Google will charge phone makers to use Android apps in Europe

Google will charge phone makers to use Android apps in Europe

Google will charge phone makers to use Android apps in Europe

In July the European Commission fined Google €4.34 billion for now following EU antitrust rules.

Google's solution to the European Union order puts more distance between its mobile app store, through which millions of Android users may discover and install new apps, and the many sister apps that help sustain Google's deep relationships with customers. Everyone knew a mega-fine was coming, and since Google basically mints money thanks in part to its lucrative ad business there was no question it would be able to absorb any financial penalty.

By being forced to put an end to this practice, Google now says they'll have to charge licensing fees for Android device makers who want to pre-install their apps and services on an individual basis. Regulators said 95 percent of Android users around the world were using their device's default search engine - Google Search - rather than choosing an alternative. Also, the "base package" of the Play Store and Google's other apps (Gmail, Duo, etc) will now require a licensing fee.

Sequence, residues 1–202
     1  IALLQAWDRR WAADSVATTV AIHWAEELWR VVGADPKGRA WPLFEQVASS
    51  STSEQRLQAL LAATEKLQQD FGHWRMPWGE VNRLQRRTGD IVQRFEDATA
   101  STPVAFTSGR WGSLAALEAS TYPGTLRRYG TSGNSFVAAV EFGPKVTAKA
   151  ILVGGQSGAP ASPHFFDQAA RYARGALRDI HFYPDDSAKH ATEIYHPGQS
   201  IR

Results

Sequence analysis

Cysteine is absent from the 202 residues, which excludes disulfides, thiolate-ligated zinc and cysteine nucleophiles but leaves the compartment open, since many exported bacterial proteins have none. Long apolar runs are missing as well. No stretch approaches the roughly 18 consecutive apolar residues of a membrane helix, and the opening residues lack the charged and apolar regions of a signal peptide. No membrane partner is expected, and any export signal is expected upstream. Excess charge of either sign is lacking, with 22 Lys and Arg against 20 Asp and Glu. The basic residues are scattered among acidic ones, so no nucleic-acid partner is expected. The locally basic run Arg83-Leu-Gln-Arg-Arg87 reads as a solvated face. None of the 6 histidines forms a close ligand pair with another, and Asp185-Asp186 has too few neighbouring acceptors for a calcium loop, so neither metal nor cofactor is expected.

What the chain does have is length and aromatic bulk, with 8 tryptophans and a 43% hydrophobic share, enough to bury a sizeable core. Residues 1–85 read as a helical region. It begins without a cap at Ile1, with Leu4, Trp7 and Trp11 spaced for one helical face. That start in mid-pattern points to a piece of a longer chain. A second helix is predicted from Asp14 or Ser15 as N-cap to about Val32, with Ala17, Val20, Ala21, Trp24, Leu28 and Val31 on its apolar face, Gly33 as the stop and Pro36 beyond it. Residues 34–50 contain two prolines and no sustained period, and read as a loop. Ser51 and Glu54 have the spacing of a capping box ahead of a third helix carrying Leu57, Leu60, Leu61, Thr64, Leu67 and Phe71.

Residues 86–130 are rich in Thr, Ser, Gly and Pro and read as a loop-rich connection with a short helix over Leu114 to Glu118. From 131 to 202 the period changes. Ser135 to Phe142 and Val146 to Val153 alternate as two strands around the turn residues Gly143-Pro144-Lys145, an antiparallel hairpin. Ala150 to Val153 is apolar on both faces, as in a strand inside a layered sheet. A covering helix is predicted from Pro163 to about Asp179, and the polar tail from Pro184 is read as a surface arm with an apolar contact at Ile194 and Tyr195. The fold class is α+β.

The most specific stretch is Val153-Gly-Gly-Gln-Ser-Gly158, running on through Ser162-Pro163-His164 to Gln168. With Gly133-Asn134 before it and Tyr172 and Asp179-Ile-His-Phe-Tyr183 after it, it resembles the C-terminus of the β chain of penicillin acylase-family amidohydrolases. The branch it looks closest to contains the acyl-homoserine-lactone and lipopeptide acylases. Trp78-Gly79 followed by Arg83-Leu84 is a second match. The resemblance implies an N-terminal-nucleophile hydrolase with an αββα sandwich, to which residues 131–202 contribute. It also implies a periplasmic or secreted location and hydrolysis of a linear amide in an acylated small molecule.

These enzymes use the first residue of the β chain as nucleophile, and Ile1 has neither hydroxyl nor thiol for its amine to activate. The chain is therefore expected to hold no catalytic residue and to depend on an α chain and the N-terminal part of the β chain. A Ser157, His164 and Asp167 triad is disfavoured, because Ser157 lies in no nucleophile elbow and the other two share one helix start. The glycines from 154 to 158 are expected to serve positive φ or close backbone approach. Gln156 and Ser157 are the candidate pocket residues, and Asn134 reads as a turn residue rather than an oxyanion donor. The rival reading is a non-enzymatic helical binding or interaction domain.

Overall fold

Google is also splitting up the licenses for Android, the Google Search app, and Chrome.

Until now, Google has only allowed phone vendors to ship the Play Store app with their phones only if they abide by strict rules.

Google says it is appealing the ruling, but in an announcement today revealed the steps it will be taking to comply with the Commission's demands.

Another illegal tactic included paying manufacturers to pre-install only Google Search and preventing them from using rival Android systems.

Second, device manufacturers will be able to license the Google mobile application suite separately from the Google Search App or the Chrome browser.

In an official blog post by Hiroshi Lockheimer, Senior Vice President of Platforms & Ecosystems, the company has outlined their plan to comply with the EC.

Although Google has always allowed OEMs to pre-install other competitive services on Android smartphones and tablets, OEMs could not release Android devices with the Google suite of apps and devices without Google apps in the EAA. The deal appears exclusive for handsets shipped to the European Economic Area.

This new license agreement is planned to go into effect on October 29th, 2018 for all new smartphones and tablets launched in Europe.

Last week, Google appealed the EU's biggest ever anti-trust fine, saying that Android had "created more choice, not less".

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